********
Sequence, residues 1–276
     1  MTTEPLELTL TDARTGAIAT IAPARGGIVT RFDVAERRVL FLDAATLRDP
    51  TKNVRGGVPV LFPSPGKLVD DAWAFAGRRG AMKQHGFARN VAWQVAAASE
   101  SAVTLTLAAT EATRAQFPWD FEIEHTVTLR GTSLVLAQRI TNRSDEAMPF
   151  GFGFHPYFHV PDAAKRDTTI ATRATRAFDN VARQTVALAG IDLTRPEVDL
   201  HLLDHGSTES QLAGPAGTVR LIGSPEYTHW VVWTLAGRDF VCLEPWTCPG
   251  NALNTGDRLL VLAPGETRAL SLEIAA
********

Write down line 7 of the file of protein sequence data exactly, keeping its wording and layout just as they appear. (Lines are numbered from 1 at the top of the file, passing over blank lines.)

   251  NALNTGDRLL VLAPGETRAL SLEIAA